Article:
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The Nahrein Network


Fostering the sustainable development of heritage in post-conflict iraq and its neighbours


Reviving the Local Identity of the City of Basrah

By Zainab, on 25 September 2023

We talk to Dr Hamed H. Samir, Head of Architecture Department, Collage of Engineering, University of Basrah. Dr Hamed held a Nahrein – BISI Visiting Scholarship at University of Loughborough. Dr Hamed’s project is titled Reviving the Local Identity of the City of Basrah and is under the supervision of Dr Sura al-Maiyah.

Tell us about more about your project.

Dr Hamed with "Auto-Icon" of philosopher and reformer, Jeremy Bentham at UCL

Dr Hamed with “Auto-Icon” of philosopher and reformer, Jeremy Bentham at UCL

Built heritage conservation is essential in post-war areas. In recent years, Iraqi traditional architecture has been deeply affected by several wars, challenging the cultural memory of local people.

My research considers Basra as a pilot case study. Basra is classified as a city rich in cultural heritage. In particular, the canals are a unique feature of the city. Within Iraq, Basra holds the nickname of “Venice of the East”, surrounded by its distinctive architectural identity. Basra today faces urban decay and is losing its architectural heritage and identity in a severe way.

A significant problem is the continuous altering of traditional architecture. The value of Basra’s built environment and its architectural heritage is absent from the local residents. This has contributed to losing countless historical buildings and the unique Basra charm.

The aim of my research is to explore how the legacy of Basra’s past can be transmitted to future generations. My project focuses on digitally documenting the tangible and intangible heritage of Basra. I am hoping to create a digital library to revive the collective memory of residents and to raise awareness regarding the value of Basra’s heritage.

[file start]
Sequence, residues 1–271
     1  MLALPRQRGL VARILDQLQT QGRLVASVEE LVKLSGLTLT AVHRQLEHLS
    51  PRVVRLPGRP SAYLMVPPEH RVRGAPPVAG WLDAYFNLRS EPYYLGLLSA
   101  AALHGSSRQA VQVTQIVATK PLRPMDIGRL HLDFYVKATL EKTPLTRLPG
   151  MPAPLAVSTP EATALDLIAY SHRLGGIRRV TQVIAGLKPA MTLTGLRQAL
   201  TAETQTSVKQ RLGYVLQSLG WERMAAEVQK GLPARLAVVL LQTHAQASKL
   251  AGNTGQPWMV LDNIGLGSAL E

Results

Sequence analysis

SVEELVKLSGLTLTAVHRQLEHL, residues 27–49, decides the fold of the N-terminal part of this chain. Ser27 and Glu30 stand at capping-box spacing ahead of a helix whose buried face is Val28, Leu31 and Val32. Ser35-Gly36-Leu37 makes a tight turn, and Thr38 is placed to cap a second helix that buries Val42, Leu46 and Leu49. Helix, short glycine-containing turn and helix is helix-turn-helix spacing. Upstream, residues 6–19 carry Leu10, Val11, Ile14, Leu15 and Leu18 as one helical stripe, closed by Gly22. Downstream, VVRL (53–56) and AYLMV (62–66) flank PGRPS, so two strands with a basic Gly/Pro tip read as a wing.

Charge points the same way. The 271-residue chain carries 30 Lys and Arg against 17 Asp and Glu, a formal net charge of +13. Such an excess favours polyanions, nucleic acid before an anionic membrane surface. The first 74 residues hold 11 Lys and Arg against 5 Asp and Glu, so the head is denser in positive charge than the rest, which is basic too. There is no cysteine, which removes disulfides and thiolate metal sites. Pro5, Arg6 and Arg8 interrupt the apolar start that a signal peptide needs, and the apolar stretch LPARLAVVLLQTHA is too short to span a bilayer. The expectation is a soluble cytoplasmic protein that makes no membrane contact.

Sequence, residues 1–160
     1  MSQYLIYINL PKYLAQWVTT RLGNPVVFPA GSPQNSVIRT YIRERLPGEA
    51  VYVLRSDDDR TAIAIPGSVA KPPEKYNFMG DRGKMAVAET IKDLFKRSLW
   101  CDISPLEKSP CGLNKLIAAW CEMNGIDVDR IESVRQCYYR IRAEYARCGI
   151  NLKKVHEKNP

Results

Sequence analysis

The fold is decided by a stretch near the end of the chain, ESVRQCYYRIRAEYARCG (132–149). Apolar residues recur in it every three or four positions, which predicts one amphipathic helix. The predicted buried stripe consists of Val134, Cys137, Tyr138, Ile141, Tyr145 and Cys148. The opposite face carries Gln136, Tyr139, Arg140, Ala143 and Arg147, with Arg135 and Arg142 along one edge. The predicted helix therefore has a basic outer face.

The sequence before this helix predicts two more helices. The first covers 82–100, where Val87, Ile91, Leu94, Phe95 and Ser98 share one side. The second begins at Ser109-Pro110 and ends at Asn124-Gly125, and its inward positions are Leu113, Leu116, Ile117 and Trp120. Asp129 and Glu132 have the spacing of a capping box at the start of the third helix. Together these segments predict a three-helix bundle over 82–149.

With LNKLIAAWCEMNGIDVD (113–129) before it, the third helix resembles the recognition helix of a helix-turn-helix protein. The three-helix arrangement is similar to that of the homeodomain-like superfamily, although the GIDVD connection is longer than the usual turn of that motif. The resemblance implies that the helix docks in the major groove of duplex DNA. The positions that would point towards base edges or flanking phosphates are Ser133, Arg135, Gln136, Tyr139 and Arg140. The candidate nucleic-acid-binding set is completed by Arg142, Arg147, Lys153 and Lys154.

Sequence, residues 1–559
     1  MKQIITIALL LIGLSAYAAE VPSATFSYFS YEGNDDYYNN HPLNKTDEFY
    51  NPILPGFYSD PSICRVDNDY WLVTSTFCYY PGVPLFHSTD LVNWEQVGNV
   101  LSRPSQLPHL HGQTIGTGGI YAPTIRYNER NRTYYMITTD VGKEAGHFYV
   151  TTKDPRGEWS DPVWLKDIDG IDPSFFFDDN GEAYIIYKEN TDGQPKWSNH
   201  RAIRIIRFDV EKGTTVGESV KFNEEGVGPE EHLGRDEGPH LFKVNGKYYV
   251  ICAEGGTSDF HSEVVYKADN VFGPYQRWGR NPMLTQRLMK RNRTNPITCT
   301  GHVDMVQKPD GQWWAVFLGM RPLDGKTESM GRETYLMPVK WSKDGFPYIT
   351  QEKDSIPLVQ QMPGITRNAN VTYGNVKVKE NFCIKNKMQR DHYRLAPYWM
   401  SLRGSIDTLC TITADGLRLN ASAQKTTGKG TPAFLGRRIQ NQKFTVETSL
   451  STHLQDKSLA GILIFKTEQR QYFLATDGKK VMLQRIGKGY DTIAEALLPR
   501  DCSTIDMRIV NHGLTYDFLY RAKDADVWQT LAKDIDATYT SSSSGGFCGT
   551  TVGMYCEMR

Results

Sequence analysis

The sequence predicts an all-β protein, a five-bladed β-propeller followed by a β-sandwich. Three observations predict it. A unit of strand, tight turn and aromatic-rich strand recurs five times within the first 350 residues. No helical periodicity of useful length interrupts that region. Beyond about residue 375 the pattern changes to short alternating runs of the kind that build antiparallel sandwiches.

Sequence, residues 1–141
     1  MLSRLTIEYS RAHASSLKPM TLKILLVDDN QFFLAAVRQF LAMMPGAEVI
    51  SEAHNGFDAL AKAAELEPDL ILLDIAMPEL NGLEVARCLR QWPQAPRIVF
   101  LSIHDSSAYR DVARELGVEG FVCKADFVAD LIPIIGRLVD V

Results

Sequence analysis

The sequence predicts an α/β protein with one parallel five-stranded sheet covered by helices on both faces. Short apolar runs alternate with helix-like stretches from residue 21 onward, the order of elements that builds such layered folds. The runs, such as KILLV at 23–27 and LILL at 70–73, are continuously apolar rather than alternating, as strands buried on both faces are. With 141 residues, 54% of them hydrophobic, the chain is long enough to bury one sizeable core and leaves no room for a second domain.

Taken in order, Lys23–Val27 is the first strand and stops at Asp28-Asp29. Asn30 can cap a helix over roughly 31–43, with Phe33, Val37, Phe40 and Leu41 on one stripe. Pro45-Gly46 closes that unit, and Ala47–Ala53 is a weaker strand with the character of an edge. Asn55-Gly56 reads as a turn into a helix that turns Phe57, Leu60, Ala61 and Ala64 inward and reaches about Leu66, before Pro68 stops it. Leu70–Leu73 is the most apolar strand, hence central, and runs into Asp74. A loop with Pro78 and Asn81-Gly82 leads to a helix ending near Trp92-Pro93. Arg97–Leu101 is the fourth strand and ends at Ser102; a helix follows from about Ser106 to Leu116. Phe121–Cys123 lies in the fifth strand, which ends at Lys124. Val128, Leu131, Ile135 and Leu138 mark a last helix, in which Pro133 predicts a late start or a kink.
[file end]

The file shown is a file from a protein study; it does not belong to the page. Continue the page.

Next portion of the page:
How was your stay in the UK? Did you have promising conversations with colleagues?

It was an amazing experience to be in the UK. I got the chance to meet and work with many colleagues working in similar projects from across the world. In addition, I had the opportunity to visit labs and got experience on the newest cutting-edge tools for heritage documentation.

The colleagues are friendly and very helpful, they were always available to listen and discuss my project and constantly giving feedback. I believe that all this will no doubt lead to developing a solid project and reducing the challenges and barriers.

How will your scholarship help you with your research?

As a researcher, the scholarship in the UK has given me the opportunity to learn the newest technology and tools, such as laser scanning and photogrammetry. In addition, this scholarship has improved my skills regarding the new heritage documenting tools and how to use it. This is very necessary to my project. Moreover, in order to set a plan to create the digital library for Basra city heritage, the interaction with the experts in this field is much required, and this was achieved during my stay in the host university as well as other institutions in UK.

Dr Hamed at UCL’s Japanese Garden Pavilion

How do you plan to further your research once you are back in Iraq?

The future plan for me after finishing my scholarship and returning to Iraq will focus on creating a digital library for the heritage of Basra city. I believe this library will enhance the knowledge of young architects. In addition, I hope this will raise the awareness of the local people and revive the collective memory of Basra’s heritage and traditional architecture particularly the younger generations.

You can watch Dr Hamed’s seminar titled, Safeguarding the diversity of cultural heritage in Basrah on our YouTube page.

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